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American Literature 74.2 (2002) 418-419

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The Eye's Mind: Literary Modernism and Visual Culture. By Karen Jacobs. Ithaca, N.Y.: Cornell Univ. Press. 2001. viii, 311 pp. Cloth, $45.00; paper, $19.95.

Karen Jacobs brings together in The Eye's Mind two vigorous currents of scholarship—modernism and visuality—and, with deft navigation, avoids the Scylla and Charybdis binaries that sometimes hinder scholarship in both fields. That is, Jacobs intelligently complicates the subject-object splittings in some theories of the gaze and, in turn, pursues a more flexible philosophical reading of modernist visuality.

Working with "an expanded conception of modernist cultures" that includes Henry James, Virginia Woolf, Zora Neale Hurston, Ralph Ellison, Vladimir Nabokov, and Nathaniel West, Jacobs argues that these writers share a "diminished faith" in vision and they "critique the forms of violence that vision inevitably seems to entail." In narrating the situated or circumscribed embodiment of the viewer, these otherwise disparate novelists participate in a broad "crisis of belief in the continuity of seeing and knowing." Yet they also maintain, in Jacobs's account, "a positivist fantasy of the availability of visual truths," especially by "strategically conceding [those truths'] difficulty of access." As she suggests in her postscript on Nabokov's Lolita, this is partly what distinguishes modernists from postmodernists. In particular, modernist novelists cultivate what Jacobs calls an "interior gaze," which questions the meanings of visual surfaces while claiming to see under or through those surfaces to an interior, or perhaps ulterior, and power-inflected reality. While the concept of "interior gaze" fades in and out of Jacobs's analyses, in understanding the writers' narrative gazes as strategic, and tracing their movements between stabilizing and decentering strategies so carefully, Jacobs crafts a subtle account of both modernism and visuality.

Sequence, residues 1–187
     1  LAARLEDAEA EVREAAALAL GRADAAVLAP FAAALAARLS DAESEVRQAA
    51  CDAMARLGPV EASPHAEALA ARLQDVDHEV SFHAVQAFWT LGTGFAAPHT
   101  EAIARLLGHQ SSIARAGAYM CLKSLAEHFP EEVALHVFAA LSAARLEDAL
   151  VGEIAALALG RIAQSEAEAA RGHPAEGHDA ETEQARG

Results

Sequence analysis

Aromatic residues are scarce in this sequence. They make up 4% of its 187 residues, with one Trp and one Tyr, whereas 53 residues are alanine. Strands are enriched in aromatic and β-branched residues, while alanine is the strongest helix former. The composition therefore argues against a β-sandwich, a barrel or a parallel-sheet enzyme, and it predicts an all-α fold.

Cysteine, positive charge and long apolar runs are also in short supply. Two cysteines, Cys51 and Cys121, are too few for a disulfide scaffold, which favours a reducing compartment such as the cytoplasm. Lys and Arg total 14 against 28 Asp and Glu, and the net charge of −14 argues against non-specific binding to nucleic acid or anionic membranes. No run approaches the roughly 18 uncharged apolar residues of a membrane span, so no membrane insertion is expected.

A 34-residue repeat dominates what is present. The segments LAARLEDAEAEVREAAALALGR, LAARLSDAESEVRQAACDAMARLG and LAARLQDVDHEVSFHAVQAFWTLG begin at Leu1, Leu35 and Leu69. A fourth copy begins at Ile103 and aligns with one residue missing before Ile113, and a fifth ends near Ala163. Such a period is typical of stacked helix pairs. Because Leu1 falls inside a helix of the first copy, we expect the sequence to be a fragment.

Jacobs's contextual materials are as varied as her authors. She organizes her book into three parts, bringing to bear in each a different legacy of visuality: visual technologies and psychoanalytical practices in part 1; the specular discourses of anthropology and sociology in part 2; and the representation of history and commodity through spectacle in part 3. Part 1 is the most idiosyncratic, with its study of detective novels in chapter 1 and an extended discussion of Blanchot, Freud, and the artist-as-Orpheus in chapter 2, yet this section does indeed launch an intriguing meditation on the interactions of external technologies and interior searches. For instance, while acknowledging that Nabokov's early detective novel The Eye (1930) goes further in its destabilization of the narrator-observer's power than Henry James's The Sacred Fount (1901), Jacobs convincingly argues that the crisis of knowing, or of failed detection, in each novel prompts their similar investment in the interiority of the central narrating personality—so that, in effect, the reader's involvement with the narrator comes to mirror the narrator's obsessive viewing of others. The successful yoking of these two quite different novels published decades apart establishes a choreography for the wide-ranging movement of subsequent chapters, including the critical leap to Freud, Blanchot, and the [End Page 418] gendered gaze of Orpheus in chapter 2, as well as the leaps to Hurston, Ellison, and social science in part 2, and to Woolf, Nathaniel West, and Walter Benjamin in part 3. The material on Ellison and sociology in chapter 4 is particularly fresh and illuminating, as is the linking of historicity and visuality in the Benjaminian readings of Woolf and West in part 3. Throughout, Jacobs expertly synthesizes a range of visual theory, most usefully explaining the contributions of existential phenomenologists Maurice Merleau-Ponty and Jean-Paul Sartre.

The combination of elegance (three parts, two chapters each, often two authors in each chapter) and decentering idiosyncrasy (West and Woolf, James and Nabokov) in the book's order suggests that it participates in the modernist strategies it studies. It, too, needs order and positioning—even an architecture—to mess with visuality. In this light, the more traditional combination of Hurston and Ellison in part 2 suddenly appears to mimic the conserving forces...


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pp. 418-419
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